The remaining deposited material has now been given to Harvard in appreciation of the Library’s careful stewardship of the collection over the years. Lieutenant Colonel Gregory A. Wynn, USMC (Ret.), a Trustee and member of the Executive Committee of the TRA, who oversaw the gift to Harvard, said “We are proud to continue and enhance our mutually supporting relationship with Harvard and Houghton Library.  The Theodore Roosevelt Collection at Harvard has stewarded and built upon what the TRA proudly began. It is the most important destination for Theodore Roosevelt scholarship in the world, and we are proud to partner with Harvard in ensuring TR scholarship for future generations.”Travel diary kept while on a trip to Europe with his parents, age 11, 1869. Theodore Roosevelt Collection, Houghton Library, Harvard University, MS Am 1454.55 (5)

Thomas A. Hyry, Florence Fearrington Librarian of Houghton Library, said “Harvard has been honored to steward the Roosevelt Collection for the past 76 years and we are very pleased to enhance our ability to promote study and understanding of Roosevelt, his family, and his times.  We thank the Theodore Roosevelt Association for their decades of partnership and the renewed trust they have demonstrated.”

The gift includes diaries and notebooks kept by TR from 1869; a scrapbook containing his Harvard examination papers on natural history, letters to and from TR, clippings and tickets; childhood correspondence; incoming and outgoing correspondence; manuscripts of his writings; the papers of TR’s sister, Anna Roosevelt Cowles; numerous photographs of TR and his family; and memorabilia. This material has been available for research at Houghton Library for some years, and much is now digitized and freely available.R letter to Anna Roosevelt Cowles; Elkhorn Ranch, April 29, 1885

Additionally, the Library has acquired new material from the TRA. This includes an important series of 10 unpublished letters to Roosevelt’s sister Anna Roosevelt Cowles (“Bamie”), covering the years of 1885 and 1890-1894.  These intimate letters discuss Dakota ranch life, politics, his period as Civil Service Commissioner, and their brother Elliott, and they fill a gap in the previously known and published letters from TR to Bamie.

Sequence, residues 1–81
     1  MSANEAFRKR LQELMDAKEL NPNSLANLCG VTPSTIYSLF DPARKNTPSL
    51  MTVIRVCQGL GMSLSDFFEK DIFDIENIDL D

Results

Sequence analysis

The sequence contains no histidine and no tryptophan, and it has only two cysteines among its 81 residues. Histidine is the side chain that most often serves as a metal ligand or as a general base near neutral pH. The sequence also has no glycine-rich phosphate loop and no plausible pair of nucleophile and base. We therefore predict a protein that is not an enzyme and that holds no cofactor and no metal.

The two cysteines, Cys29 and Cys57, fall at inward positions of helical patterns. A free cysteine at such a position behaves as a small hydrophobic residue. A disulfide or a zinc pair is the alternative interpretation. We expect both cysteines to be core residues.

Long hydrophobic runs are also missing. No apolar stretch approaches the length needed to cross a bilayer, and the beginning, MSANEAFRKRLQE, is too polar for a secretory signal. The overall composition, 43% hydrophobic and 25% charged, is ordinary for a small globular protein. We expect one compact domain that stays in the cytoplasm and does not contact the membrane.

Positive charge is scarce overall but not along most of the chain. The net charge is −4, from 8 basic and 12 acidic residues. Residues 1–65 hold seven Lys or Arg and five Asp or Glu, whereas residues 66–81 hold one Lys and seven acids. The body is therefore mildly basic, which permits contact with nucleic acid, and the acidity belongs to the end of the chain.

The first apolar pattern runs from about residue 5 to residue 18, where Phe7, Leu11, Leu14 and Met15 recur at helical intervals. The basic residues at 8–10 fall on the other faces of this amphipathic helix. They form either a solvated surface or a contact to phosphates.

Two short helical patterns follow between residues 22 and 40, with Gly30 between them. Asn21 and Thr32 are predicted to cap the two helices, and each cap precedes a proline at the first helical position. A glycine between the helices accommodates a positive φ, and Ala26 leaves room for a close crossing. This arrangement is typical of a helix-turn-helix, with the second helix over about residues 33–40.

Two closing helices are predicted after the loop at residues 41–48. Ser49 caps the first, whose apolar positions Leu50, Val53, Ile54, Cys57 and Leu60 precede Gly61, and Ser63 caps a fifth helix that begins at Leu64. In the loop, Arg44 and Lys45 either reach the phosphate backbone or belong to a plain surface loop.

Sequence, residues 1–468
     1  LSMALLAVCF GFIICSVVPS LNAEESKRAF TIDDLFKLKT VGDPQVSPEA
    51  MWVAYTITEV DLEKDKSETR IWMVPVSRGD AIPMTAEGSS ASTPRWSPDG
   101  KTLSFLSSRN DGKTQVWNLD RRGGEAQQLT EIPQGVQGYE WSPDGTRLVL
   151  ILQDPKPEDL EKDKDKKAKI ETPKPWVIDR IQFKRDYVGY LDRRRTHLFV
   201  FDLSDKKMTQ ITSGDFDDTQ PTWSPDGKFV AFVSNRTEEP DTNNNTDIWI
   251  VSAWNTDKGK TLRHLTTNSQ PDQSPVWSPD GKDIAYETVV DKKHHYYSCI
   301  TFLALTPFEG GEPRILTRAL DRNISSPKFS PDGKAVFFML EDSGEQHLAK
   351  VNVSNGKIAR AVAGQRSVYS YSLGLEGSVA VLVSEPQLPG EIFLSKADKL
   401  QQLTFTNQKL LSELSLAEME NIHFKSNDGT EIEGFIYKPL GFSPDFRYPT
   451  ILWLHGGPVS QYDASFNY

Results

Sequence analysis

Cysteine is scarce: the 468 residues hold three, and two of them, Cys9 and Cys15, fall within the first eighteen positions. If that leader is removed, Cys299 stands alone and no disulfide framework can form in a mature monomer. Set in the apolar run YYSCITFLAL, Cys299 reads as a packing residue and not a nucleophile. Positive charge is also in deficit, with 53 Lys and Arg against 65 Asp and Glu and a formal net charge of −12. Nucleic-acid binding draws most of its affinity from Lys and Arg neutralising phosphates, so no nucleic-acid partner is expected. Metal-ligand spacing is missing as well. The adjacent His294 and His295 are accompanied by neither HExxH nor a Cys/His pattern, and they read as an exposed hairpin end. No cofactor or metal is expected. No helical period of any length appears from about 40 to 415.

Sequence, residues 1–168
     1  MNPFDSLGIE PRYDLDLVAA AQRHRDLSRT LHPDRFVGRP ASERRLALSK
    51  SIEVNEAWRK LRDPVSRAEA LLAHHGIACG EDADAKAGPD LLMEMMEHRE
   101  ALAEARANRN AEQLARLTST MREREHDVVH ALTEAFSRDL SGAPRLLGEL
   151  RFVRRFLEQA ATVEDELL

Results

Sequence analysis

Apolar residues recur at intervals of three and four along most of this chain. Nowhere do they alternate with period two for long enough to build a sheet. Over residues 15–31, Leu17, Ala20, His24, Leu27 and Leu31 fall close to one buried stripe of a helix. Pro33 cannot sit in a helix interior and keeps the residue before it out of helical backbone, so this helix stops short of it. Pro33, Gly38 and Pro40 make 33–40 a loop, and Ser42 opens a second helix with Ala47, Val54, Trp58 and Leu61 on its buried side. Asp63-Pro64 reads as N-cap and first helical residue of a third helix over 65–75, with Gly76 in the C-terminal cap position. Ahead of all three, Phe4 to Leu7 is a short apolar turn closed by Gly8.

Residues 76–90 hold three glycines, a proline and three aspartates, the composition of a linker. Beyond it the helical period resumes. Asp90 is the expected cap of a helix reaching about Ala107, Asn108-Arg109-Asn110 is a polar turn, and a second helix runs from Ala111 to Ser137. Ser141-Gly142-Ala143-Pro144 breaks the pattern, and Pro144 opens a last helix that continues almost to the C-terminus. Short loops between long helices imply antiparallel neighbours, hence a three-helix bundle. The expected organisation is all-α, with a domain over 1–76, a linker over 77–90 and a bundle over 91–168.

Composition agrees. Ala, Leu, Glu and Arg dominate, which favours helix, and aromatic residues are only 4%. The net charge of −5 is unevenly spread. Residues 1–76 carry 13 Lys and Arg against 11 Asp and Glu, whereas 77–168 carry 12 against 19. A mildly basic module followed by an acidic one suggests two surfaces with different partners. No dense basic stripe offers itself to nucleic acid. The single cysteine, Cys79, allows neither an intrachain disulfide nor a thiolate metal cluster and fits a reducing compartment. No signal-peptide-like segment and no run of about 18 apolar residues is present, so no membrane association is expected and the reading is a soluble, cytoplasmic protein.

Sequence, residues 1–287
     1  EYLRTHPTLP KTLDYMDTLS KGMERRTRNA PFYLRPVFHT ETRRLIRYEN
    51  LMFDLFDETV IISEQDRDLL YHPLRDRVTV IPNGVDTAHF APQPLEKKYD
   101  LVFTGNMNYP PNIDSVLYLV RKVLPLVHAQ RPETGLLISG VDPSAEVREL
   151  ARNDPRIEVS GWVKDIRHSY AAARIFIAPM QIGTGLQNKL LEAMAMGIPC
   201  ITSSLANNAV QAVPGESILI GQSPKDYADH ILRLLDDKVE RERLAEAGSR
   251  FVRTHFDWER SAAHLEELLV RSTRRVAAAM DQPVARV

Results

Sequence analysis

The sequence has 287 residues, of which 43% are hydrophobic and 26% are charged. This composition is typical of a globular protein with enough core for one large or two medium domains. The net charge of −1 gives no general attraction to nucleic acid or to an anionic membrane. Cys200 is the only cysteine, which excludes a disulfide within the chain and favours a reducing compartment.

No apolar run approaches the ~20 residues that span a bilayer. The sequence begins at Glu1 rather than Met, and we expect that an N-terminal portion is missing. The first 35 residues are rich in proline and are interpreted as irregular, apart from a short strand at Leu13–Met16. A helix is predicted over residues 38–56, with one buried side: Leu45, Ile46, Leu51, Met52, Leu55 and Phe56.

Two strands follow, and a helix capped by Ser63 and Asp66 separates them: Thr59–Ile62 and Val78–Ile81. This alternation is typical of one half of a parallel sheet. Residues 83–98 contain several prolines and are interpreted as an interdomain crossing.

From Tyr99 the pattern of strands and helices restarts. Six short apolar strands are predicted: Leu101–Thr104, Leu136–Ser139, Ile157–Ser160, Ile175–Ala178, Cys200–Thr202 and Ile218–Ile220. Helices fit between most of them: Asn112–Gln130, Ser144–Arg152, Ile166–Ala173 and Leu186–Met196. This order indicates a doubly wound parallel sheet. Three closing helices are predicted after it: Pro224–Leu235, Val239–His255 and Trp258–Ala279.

A daguerreotype of his grandfather Cornelius V.S. Roosevelt, in an envelope inscribed by TR in 1915, is a unique addition to the Roosevelt Collection’s extensive series of family photographs. A letter from TR Sr. from 1861, during his service with the U.S. Allotment Commission in the Civil War, to the 3-year-old TR, is a touching document of a father’s love for his son.

Theodore Roosevelt Sr. to TR; Washington, D.C., December 31, 1861. Theodore Roosevelt Collection, Houghton Library, Harvard University, MS Am MS Am 1834.1 (335)

The entirety of the Theodore Roosevelt Collection, including the newly acquired material, is available for research through the Houghton Reading Room.


  1. Portrait of President Theodore Roosevelt. Theodore Roosevelt Collection, Houghton Library, Harvard University.
  2. Travel diary kept while on a trip to Europe with his parents, age 11, 1869. Theodore Roosevelt Collection, Houghton Library, Harvard University, MS Am 1454.55 (5). The flyleaf is inscribed “Writen [sic] by Theodore Roosevelt Jr. of New York U.S., N. A.” Gift of the Theodore Roosevelt Association, 2019.
  3. TR letter to Anna Roosevelt Cowles; Elkhorn Ranch, April 29, 1885. Anna Roosevelt Cowles Papers, Theodore Roosevelt Collection, Houghton Library, Harvard University, MS Am 1834.1 (202a). TR was in mourning for his first wife, Alice, hence the black border to the stationery, and he writes “…I felt very tenderly to think of the darling wee baby calling for papa. I just long to see you both.” Purchased with Theodore Roosevelt Collection funds, the Harmand Teplow Class of 1920 Fund, the Bayard Livingston Kilgour and Kate Gray Kilgour Fund, and the Herman Dunlop Smith Bequest.
  4. Theodore Roosevelt Sr. to TR; Washington, D.C., December 31, 1861. Anna Roosevelt Cowles Papers, Theodore Roosevelt Collection, Houghton Library, Harvard University, MS Am 1834.1 (335); pages 1 & 4. TR Senior gently urges obedience to his 3-year-old son: “Tedie, while I am away remember always to be very good and obey your mama the first time she speaks to you and help her like a big boy take care of your little brother Elli.” Purchased with the Louis J. Appell, Jr. A.B. 1947 Fund for Early American Literature and History.